Betway If you like scoring, this might not be your game. In a matchup between the league’s top two defensive units, New England heads to Buffalo Saturday night where the kickoff temperature (optimistically) will be around 8 degrees. Not 18, 8. That’s cold. There will not be the tornadic level winds in play that crippled the two teams week 13 snooze fest in Buffalo, but the frigid temps will undoubtedly play a factor in this rubber match between the top two teams in the AFC East. The Patriots are genuinely built for this type of game. With an offense that is predicated on running the football, and a defense that excels in confusing opposing offenses and taking the ball away, these conditions lend themselves a lot more to the Pats style of play than the Bills. But they have to play the game. How do the frigid temps impact the Bills, particularly Josh Allen?
Allen somehow has only played 5 games outdoors in his career where temperatures are below freezing. On the season he had a 63% completion percentage, threw for 259 yards per game, and sported a 2.4 to 1 TD to interception ratio. In cold weather games in his career? 50.3% completion percentage, 167 yards per game, and 6 touchdowns to 7 interceptions. You would think this would be a damning thing for the Bills offense, but they actually have come out of those 5 games ahead at 3-2. The x-factor with Josh Allen, and what makes the Bills offense so dangerous, if that he can kill you with his arms and his legs. The Patriots will have to account for Allen’s ability to run the football, and have the expectation that the Bills running game as a whole will be better than the first time they visited Orchard Park as Devin Singletary has come alive out of the backfield for the Bills in the latter part of the season.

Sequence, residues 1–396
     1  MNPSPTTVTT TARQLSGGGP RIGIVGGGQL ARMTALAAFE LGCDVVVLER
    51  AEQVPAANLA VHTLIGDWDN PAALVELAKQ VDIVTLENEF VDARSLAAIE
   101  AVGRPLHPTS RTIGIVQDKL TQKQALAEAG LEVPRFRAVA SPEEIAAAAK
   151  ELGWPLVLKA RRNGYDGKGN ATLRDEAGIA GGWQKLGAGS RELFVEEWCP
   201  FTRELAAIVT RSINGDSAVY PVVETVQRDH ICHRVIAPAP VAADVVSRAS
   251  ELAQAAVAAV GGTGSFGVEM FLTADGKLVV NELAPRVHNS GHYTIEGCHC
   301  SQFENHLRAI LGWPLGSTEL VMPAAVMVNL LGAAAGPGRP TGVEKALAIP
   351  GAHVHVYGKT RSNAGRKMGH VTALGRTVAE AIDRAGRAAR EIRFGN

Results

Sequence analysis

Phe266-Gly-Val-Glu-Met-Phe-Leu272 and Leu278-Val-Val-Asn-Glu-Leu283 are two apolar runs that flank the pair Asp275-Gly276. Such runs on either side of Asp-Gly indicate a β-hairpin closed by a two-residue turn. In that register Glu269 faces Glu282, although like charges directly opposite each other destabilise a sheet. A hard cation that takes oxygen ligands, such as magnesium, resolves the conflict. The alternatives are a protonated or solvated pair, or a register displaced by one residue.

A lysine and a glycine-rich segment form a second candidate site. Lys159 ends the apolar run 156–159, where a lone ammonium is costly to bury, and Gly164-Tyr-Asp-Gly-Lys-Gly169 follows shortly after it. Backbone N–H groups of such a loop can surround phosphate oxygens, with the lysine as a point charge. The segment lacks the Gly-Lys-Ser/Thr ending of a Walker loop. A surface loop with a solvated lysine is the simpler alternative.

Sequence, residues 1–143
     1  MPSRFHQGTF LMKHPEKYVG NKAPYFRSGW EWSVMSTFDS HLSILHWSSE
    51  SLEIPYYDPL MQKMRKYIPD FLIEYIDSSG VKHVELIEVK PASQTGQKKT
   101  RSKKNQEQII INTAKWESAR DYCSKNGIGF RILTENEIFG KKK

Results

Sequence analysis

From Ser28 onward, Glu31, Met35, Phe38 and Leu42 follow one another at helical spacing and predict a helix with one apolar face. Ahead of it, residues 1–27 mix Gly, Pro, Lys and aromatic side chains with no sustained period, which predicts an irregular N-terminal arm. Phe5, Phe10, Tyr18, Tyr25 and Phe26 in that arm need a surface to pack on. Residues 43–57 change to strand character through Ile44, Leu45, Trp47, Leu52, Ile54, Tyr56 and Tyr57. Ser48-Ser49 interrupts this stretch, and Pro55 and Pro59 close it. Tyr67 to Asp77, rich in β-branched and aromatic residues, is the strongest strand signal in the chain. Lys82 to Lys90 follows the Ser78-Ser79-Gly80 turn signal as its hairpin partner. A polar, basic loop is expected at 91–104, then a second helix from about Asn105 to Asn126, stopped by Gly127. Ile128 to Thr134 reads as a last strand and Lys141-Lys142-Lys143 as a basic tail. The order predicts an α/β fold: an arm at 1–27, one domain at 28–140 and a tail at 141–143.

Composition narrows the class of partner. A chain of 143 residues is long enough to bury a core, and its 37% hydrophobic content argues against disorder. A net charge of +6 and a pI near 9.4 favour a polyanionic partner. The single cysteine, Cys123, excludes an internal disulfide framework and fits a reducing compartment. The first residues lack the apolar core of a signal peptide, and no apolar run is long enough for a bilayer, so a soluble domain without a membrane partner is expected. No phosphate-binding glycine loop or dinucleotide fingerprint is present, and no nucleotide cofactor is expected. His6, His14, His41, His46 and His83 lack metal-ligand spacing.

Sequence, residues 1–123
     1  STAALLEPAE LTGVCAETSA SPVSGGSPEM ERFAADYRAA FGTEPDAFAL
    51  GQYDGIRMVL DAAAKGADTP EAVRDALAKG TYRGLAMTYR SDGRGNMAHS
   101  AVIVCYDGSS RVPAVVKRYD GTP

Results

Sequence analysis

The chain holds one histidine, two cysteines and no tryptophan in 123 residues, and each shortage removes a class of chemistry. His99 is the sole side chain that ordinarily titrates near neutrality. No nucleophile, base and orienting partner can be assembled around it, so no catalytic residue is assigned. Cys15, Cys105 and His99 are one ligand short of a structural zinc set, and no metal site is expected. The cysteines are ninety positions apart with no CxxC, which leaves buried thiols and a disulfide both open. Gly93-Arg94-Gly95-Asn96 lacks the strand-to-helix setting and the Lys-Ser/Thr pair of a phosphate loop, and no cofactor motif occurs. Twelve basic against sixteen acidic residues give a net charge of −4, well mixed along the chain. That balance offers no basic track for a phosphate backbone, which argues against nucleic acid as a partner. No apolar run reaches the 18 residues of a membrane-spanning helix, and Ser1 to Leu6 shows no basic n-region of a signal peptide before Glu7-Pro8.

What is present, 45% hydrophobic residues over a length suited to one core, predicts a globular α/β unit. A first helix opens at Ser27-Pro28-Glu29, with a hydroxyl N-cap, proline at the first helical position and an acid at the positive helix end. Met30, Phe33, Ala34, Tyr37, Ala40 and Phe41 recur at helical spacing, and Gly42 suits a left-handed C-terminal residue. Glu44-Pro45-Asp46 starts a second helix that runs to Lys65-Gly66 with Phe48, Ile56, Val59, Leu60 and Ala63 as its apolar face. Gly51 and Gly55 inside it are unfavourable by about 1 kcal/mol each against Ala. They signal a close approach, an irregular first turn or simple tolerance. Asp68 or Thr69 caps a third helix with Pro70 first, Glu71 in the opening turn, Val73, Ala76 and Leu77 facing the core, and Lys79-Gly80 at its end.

This one is going to come down to experience. Mac Jones certainly doesn’t have as much experience in postseason play as Josh Allen, but the Patriots roster as a whole has mostly been there before. Guys like Devin McCourtey, David Andrews, Matthew Judon, Trent Brown, Damien Harris, Don’t’a Hightower, and Lawrence Guy have all been here before. Bill Belichick has more postseason wins and Super Bowls than any coach in the history of the NFL. And they’ve done it in just about every single way. The lynchpin will be Jones. Can he do just enough to get the Patriots a road playoff win in his first start? He has to avoid the big mistake, and he has to stay poised. Which, on the road in Buffalo, with Bills Mafia jumping through tables shirtless in the parking lot before coming in and rooting for the championship run they have been dreaming of for decades? I give the edge to Buffalo one, with the assist to the home crowd.
Buffalo 20, New England 17 (Patriots +3, Under 44)
(7) Philadelphia Eagles 9-8 at (2) Tampa Bay Buccaneers 13-4 – NFC – Sunday 12:00 CST; FOX
Buccaneers -8.5; Over/Under 46 Betway